So in my post-Bible college years, after getting into a few humbling (and humiliating) debates over doctrine, I realized that my calling wasn’t to proof-text or to argue. I washed my hands of it. “What is truth?” asked Pilate. Jesus himself was the silent answer. So in my music and my writing and in my daily life, I want to learn to let Christ’s very presence—the fact of it—be my answer. His last promise before the Ascension was that he would be with us, to the end of the age. That promise gives me a great deal of peace. What have I to fear?

Early on in the Rabbit Room I decided this wouldn’t be a place for negative reviews (Thomas’s occasionally negative film reviews nothwithstanding—though those are usually for the sake of saving you money and/or brain cells, or, let’s face it, making us laugh). That’s not just so we can be touchy-feely and nice. It’s because, of the millions of websites in the world, I want this one to be about beauty, truth, and goodness. It’s a site dedicated to finding those things in the unlikeliest places, and praising God for the infinite reach of his Word, the tremors of his death and resurrection shaking the foundations of the universe so that the dead (like us) climb out of their tombs and walk around. For us in the Age of the Church on earth, we get the privilege of proclaiming his story, of looking for its glimmers like men hunched over a river and panning for gold, pointing it out, whooping for joy, glorying in the grace of the King.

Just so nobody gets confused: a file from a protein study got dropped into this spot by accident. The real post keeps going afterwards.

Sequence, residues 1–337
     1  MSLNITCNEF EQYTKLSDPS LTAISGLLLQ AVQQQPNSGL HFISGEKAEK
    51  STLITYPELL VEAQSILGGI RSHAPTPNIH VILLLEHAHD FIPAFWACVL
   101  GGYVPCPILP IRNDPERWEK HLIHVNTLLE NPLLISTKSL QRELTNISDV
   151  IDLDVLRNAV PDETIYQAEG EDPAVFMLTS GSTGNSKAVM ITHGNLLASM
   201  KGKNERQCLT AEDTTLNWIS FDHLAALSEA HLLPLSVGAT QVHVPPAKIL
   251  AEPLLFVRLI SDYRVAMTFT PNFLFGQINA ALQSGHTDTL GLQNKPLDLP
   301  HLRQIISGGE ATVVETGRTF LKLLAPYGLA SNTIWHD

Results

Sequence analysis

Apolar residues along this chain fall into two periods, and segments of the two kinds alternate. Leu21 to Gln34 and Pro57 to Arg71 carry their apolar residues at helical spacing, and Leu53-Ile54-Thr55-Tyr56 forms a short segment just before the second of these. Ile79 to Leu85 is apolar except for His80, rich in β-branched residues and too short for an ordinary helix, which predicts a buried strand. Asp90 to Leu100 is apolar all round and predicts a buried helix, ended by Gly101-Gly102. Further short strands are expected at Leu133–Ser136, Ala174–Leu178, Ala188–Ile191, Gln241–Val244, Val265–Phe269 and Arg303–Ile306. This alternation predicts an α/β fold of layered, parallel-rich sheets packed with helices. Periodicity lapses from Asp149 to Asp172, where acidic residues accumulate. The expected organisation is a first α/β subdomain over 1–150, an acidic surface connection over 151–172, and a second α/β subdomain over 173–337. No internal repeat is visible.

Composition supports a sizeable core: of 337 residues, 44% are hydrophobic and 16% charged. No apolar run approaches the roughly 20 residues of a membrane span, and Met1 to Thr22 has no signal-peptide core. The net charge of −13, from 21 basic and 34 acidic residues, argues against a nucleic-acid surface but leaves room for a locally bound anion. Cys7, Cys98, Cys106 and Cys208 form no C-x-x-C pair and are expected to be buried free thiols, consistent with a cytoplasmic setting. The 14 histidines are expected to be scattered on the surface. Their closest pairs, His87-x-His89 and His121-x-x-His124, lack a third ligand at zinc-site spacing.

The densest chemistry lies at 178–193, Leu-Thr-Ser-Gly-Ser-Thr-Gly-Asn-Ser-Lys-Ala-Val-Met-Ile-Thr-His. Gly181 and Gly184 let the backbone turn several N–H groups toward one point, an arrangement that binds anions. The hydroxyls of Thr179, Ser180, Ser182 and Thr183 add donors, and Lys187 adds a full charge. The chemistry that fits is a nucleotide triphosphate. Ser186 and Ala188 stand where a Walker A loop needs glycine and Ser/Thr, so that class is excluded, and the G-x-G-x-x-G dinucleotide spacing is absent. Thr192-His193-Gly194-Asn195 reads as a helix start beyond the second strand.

Andrew Peterson is a singer-songwriter and author. Andrew has released more than ten records over the past twenty years, earning him a reputation for songs that connect with his listeners in ways equally powerful, poetic, and intimate. As an author, Andrew’s books include the four volumes of the award-winning Wingfeather Saga, released in collectible hardcover editions through Random House in 2020, and his creative memoir, Adorning the Dark, released in 2019 through B&H Publishing.


  1. Justin

    Ok. Im intrigued enough now to begin reading the series. Saw the first movie and thought “Eh.” But books are always better and I am willing to give it a shot if they are as good as you say. Loved On the Edge of the Dark Sea of Darkness so I figure I will probably like it.

  2. Matt

    So many of the same thoughts I have had developing over these years, but you have a way of putting them into words that I do not. Thank you for sharing your thoughts and helping me to organize and share my own.

  3. John Leek

    Thank you for this Andrew. I love that I can see your increasingly Christ formed heart. Counting Stars is beautiful and remains one of my very favorite albums.

  4. JD McCrickard


    In one of the earliest books, Dumbeldore tells Harry that “love is the most powerful magic of all.” As I read that it reminded me that God’s truth exists in unexpected places. Things for saying what I have felt for years.